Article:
The Senate’s failure to achieve cloture on President Obama’s American Jobs Act in early October means that the Democrats’ landmark jobs package is dead in the water. Congressional Democrats have turned to Plan B, and are working with the White House to develop a strategy of pushing forward piecemeal job creation policy initiatives.[i] Meanwhile, Senate Republicans are reportedly preparing to introduce their own jobs package.[ii]
The Democrats’ package is comprised of sound economic policies backed by solid empirical evidence that suggests that they will, in fact, achieve the ultimate objective of creating or saving jobs. In contrast, the Republicans’ suggestions are a conservative ideologue’s dream, a redesign of the policy landscape that deregulates the economy, pours federal dollars into the oil industry, and remakes the tax code in favor of corporate interests and the wealthy. The parties have not placed co-equal competing options on the table; one party’s set of ideas is simply far more relevant than the other’s at achieving the goal of reinvigorating the labor market.
Honest Republicans know this. After all, as the President pointed out in his speech introducing the jobs package earlier this fall, all of the policies in the American Jobs Act received bi-partisan support at one point or another. In a different time, congressional Republicans recognized solid economic policy when they saw it, and were willing to attach their names to it. The current political environment is noteworthy, however. Conservative partisanship has grown so intense that even reasonable economic policy proposals can’t receive the support they deserve simply because a Democratic President and his allies in Congress have attached their names to the ideas.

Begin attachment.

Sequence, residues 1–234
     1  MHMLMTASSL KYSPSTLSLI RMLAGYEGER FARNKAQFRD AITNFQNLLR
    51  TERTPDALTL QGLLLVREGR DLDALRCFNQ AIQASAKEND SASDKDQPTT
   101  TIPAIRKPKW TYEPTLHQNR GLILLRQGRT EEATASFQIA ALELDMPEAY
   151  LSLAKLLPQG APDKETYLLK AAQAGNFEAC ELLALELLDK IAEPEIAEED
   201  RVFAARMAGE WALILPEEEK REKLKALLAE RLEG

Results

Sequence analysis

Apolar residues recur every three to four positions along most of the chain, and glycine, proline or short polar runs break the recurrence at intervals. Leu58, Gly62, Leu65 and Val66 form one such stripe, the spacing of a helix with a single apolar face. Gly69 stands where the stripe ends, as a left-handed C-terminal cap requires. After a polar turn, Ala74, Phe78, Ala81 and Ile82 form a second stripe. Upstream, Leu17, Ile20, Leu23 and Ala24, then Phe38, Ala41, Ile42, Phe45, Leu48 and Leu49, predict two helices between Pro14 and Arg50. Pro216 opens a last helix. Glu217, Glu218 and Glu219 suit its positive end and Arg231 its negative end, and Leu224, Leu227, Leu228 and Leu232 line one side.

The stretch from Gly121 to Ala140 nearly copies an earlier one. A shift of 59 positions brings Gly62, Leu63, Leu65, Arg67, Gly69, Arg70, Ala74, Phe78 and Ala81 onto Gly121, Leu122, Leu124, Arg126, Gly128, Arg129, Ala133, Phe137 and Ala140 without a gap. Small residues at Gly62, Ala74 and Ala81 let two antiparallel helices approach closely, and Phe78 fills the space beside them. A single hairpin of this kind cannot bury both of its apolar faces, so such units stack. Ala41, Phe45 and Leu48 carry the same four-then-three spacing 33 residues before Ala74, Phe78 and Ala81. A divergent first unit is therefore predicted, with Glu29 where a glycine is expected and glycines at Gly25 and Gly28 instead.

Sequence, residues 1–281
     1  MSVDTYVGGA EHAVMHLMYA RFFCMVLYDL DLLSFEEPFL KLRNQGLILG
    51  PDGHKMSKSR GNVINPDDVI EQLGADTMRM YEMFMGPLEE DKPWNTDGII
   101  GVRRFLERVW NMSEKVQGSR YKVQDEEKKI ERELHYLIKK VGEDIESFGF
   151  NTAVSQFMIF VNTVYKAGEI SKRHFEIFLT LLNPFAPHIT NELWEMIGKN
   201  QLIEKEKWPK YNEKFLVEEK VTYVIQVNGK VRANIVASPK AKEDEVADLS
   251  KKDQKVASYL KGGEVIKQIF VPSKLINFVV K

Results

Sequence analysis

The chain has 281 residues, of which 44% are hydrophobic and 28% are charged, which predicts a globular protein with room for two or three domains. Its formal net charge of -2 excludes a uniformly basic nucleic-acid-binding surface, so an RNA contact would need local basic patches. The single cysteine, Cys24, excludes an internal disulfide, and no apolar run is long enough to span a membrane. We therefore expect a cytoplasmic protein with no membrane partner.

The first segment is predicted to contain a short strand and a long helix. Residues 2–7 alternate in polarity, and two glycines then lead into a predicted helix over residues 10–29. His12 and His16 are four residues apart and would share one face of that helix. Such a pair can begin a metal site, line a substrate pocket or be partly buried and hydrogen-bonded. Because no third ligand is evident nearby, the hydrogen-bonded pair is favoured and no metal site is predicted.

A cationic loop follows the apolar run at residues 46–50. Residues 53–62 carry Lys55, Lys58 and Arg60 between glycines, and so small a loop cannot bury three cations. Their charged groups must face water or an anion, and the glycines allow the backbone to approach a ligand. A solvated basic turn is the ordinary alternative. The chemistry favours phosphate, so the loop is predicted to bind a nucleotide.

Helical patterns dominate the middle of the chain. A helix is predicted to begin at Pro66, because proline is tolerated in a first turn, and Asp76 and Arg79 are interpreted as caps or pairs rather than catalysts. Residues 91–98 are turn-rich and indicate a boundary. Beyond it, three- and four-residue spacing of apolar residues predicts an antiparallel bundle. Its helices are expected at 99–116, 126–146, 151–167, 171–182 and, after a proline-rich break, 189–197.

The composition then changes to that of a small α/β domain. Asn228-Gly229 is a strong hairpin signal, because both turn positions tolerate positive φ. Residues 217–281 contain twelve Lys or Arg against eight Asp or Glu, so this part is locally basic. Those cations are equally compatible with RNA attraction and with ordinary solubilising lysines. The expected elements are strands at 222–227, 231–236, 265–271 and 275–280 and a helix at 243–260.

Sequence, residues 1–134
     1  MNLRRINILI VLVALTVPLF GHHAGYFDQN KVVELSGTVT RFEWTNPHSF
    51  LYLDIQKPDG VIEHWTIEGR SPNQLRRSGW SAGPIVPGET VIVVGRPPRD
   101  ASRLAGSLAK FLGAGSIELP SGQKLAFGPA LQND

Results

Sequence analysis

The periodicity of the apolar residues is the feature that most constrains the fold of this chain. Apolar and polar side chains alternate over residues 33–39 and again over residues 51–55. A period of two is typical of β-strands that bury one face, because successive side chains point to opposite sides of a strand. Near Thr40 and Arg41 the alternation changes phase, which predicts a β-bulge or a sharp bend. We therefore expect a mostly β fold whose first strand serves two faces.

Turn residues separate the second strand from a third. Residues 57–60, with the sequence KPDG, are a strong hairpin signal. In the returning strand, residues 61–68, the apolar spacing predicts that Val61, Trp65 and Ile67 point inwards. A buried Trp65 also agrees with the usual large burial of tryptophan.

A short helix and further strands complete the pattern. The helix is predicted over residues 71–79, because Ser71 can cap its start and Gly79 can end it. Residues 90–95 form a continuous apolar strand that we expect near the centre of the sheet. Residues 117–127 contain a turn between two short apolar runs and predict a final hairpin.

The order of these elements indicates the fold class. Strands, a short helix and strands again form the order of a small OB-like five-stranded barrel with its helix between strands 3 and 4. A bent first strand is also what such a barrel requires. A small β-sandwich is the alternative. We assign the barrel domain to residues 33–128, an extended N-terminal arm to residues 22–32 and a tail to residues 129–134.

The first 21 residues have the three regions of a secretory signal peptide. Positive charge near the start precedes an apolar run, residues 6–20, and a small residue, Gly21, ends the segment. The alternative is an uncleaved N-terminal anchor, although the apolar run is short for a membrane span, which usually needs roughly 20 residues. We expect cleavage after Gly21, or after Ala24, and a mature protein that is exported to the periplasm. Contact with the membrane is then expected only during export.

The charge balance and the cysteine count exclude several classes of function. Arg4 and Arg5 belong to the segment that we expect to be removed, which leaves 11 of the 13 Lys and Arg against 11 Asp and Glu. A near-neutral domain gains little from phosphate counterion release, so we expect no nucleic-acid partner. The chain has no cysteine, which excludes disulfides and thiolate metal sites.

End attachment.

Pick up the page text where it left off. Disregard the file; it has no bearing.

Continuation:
So Washington is gridlocked, once again. Given the deteriorating tone of political debate over the last several years, perhaps this should come as no surprise. But the stakes of the current policy debate are very high, as the economy – and the labor market in particular – limps forward toward the next fall’s elections. The costs of inaction on the job creation front are enormous, and, in many cases, quantifiable. Those costs tally along two separate ledgers: economic costs and political costs. This brief provides an overview of these two sets of costs of inaction, and offers recommendations for a path forward.
[i] Boley, Carey. October 12, 2011. “Democrats Press Jobs Plan in Pieces After Hitting Wall.” Wall Street Journal.
[ii] Raju, Manu. October 12, 2011. “Senate GOP unveils its jobs agenda.” Politico.